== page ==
Unfortunately, it will be the few million people who will be unable to tune into the Celestial Jukebox because they live too far out in the sticks to get decent broadband:
Depending on the definition of broadband speed, providing universal broadband would cost between $20 billion and $350 billion, according to a preliminary report released Sept. 29 by Federal Communications Commission task force charged with delivering the National Broadband Plan to Congress. The wide-ranging report also noted that its initial findings show actual broadband speeds lag advertised speeds by at least 50 percent.
The task force said its early analysis indicates that approximately 3 million to 6 million people are unserved by basic broadband, defined as speeds of 768 Kbps or less, but the number of unserved increases as the definition of minimum broadband speed increases. The FCC estimated it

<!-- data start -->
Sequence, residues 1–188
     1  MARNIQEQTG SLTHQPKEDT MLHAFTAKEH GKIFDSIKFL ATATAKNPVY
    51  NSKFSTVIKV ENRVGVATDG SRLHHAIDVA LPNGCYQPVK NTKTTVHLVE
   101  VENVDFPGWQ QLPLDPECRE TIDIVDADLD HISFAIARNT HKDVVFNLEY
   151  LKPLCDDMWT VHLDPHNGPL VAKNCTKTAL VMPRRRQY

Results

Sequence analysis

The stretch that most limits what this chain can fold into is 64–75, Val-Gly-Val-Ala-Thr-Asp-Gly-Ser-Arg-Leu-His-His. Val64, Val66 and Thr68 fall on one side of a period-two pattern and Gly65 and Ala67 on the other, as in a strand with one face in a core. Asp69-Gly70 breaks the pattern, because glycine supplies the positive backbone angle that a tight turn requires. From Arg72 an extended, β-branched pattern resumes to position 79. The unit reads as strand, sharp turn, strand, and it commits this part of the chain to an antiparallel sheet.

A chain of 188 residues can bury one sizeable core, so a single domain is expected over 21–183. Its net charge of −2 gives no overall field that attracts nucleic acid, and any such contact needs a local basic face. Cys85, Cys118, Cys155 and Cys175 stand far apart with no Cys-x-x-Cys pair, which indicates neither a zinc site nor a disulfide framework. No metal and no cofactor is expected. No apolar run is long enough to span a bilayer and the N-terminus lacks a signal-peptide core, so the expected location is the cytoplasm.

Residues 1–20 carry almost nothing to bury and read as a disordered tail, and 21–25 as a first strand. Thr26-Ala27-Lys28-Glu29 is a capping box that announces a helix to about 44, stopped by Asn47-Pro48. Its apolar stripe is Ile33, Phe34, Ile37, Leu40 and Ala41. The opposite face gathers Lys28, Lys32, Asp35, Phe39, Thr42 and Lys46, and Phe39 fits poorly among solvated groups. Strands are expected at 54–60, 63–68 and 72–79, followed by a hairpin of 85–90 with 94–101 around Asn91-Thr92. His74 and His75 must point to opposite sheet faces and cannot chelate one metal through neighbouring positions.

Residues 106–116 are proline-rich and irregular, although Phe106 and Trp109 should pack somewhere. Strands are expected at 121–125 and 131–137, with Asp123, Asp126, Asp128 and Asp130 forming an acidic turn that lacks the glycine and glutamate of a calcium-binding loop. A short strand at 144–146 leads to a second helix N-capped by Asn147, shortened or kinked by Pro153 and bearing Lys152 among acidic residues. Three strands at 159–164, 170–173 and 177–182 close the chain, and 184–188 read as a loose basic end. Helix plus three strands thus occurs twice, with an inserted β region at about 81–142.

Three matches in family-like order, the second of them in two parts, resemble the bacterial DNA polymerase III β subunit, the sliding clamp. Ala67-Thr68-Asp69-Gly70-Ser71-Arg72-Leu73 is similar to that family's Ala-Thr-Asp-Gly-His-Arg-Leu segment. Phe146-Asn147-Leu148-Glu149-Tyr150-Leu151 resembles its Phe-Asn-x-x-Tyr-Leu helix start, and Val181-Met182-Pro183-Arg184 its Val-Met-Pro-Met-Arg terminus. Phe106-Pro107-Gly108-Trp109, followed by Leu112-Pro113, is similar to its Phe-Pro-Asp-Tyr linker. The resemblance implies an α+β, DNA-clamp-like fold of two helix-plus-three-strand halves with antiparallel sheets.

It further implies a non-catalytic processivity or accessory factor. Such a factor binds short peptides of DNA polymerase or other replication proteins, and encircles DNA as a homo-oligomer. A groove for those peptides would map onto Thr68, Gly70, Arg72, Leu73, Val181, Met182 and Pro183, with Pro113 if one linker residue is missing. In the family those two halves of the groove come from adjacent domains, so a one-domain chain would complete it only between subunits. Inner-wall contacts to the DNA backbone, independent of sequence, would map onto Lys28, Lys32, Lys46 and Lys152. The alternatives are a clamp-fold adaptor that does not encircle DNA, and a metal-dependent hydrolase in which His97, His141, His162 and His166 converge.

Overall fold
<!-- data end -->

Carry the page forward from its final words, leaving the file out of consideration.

would cost $20 billion to provide 768 Kbps
or less universal broadband service and northwards of $350 billion for 100 Mbps or faster service.
On the brighter side, most of those digitally disenfranchised millions probably live within driving distance of a Wal-Mart, so there will always be a market for Toby Keith Urban CDs.
Other than that, the only future for physical products will be indie road warriors selling (or ‘giving away‘) prodcuts at their gigs. But if it’s all “in the ether,” then even the imperative to purchase at the scene is eventually going to evaporate.
You know, like the crazy French Kinniggit in Holy Grail, “He’s already got one…” because with the Jukebox, he’s already got everything.